Purpose of review
Hematopoietic cell transplantation (HCT) offers potentially curative therapy for patients with myelofibrosis. What is the current status?
Changes in transplant strategies allow offering HCT to patients who, because of age or comorbid conditions, were not considered transplant candidates in the past. The omission of high-dose total body irradiation, adjusting doses of busulfan to achieve defined target levels, using fludarabine instead of cyclophosphamide as an immunosuppressive agent, the addition of melphalan, and the incorporation of antithymocyte globulin all appear to have contributed to better tolerability of new regimens. Reduced-intensity conditioning regimens are associated with a decrease in nonrelapse mortality and allow for successful HCT, even in patients 60–70 years of age. Some 50–75% of patients are cured by HCT. Emerging concepts include new prognostic scoring systems and novel molecular markers such as Janus kinase 2 mutations, which may aid in making treatment decisions and assessing remission status.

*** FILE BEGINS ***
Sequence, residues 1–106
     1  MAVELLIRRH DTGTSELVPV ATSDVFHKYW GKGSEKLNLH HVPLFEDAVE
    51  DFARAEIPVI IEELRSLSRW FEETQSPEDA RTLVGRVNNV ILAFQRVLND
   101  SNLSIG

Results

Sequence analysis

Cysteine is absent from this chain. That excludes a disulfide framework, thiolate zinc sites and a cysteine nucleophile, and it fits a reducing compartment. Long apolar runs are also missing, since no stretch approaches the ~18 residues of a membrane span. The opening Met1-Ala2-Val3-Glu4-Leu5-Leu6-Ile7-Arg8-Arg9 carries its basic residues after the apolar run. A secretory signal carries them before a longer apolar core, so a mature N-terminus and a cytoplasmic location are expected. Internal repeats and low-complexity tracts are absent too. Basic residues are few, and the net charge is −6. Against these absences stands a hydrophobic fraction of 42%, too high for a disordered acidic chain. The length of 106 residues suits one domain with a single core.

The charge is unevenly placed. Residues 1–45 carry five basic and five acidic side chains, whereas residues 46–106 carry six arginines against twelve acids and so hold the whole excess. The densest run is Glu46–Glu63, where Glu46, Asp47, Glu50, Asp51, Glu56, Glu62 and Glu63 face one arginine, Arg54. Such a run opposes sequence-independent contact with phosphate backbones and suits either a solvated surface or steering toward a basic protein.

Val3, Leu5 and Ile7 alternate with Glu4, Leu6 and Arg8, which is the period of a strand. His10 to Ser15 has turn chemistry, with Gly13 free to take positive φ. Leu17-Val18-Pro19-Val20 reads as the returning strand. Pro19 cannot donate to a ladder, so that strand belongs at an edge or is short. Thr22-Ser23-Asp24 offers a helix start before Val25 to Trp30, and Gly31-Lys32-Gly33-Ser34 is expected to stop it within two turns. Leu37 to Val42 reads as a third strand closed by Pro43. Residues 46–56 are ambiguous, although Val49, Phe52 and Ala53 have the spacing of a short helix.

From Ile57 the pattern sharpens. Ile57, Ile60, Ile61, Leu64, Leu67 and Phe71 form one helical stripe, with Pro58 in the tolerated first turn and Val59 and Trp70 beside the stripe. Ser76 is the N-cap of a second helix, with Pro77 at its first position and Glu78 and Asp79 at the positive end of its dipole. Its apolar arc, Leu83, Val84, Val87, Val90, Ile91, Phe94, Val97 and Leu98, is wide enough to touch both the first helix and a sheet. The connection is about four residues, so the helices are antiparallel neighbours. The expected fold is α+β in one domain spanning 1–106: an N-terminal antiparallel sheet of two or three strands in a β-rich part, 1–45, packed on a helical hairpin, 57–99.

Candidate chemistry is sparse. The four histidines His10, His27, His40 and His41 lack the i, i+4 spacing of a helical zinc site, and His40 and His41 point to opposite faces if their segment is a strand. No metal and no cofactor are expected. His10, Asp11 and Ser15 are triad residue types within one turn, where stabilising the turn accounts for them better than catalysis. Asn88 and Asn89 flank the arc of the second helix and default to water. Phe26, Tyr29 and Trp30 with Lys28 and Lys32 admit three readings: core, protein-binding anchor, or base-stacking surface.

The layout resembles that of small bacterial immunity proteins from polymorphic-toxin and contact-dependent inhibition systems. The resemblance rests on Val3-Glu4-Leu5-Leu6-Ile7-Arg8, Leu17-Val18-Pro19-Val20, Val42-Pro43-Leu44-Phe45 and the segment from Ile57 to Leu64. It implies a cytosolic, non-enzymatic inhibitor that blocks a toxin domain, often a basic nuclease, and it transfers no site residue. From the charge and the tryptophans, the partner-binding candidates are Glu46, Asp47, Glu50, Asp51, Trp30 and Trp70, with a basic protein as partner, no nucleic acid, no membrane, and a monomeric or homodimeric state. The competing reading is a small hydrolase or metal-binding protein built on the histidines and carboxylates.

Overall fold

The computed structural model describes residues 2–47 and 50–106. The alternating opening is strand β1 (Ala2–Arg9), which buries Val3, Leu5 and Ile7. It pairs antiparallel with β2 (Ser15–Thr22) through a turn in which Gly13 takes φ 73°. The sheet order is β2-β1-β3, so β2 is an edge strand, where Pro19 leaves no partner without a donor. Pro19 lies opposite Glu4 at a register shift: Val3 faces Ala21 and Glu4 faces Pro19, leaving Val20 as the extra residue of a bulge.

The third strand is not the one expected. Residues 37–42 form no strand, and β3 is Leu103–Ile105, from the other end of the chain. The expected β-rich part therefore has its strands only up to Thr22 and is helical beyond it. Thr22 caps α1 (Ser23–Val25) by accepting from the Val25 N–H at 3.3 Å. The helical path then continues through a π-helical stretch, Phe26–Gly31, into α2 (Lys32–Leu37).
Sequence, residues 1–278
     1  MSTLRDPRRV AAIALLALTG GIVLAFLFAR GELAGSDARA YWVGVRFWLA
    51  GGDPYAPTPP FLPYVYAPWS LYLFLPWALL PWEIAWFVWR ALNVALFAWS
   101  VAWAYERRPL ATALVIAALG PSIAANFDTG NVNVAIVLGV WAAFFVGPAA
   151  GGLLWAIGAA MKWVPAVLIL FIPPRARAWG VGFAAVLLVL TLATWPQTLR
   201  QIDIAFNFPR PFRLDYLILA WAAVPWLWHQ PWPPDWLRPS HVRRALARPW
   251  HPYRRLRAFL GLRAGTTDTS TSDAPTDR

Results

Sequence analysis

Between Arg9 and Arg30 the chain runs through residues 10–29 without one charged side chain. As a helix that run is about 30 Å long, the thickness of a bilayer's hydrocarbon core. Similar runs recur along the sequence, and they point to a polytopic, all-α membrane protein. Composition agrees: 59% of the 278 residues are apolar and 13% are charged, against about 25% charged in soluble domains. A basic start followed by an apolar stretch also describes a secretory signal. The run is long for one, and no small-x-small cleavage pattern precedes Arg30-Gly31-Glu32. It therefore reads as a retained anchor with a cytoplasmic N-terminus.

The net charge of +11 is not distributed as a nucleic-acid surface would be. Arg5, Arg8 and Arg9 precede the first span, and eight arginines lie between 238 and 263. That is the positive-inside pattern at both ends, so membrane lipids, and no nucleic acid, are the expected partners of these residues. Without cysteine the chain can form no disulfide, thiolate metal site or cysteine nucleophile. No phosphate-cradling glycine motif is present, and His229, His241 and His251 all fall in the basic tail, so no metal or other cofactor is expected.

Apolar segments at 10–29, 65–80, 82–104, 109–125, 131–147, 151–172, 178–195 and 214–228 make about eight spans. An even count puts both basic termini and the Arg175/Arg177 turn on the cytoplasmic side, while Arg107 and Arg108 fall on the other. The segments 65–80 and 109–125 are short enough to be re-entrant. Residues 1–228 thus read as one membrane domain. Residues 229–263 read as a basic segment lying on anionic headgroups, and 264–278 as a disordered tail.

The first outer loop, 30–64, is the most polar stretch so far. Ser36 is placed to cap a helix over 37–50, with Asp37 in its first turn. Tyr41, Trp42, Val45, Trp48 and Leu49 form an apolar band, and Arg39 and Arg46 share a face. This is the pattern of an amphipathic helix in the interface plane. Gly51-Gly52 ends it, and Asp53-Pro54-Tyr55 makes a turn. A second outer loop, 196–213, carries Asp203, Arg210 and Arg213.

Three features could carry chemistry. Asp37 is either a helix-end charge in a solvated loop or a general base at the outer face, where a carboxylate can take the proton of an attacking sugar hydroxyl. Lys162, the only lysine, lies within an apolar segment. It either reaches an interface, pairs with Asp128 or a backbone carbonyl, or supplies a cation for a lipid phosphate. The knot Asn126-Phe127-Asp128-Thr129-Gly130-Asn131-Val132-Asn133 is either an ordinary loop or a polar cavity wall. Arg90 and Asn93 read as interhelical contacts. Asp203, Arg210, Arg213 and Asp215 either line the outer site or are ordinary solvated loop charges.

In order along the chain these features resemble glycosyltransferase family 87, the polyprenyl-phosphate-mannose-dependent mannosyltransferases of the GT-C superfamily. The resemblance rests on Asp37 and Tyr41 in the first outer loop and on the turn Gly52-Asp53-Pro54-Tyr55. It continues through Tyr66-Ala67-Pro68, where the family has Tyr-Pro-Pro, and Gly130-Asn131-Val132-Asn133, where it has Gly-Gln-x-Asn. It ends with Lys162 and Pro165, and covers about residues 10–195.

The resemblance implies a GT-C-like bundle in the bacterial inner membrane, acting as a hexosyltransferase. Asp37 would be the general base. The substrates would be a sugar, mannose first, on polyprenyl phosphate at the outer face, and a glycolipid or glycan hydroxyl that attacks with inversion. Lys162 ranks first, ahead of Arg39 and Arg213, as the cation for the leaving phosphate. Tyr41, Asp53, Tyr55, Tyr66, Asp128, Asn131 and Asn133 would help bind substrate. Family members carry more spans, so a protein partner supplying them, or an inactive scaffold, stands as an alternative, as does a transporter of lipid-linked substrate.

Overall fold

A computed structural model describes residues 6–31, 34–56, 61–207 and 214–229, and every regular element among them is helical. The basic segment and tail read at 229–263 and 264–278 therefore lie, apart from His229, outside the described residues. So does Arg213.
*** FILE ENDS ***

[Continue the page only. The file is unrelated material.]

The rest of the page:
Modifications of transplant-conditioning regimens have reduced transplant-related mortality and allow carrying out successful HCT in increasingly older patients. The selection of patients who should be transplanted, the optimal timing for transplantation, and pretransplant and posttransplant strategies remain challenging problems.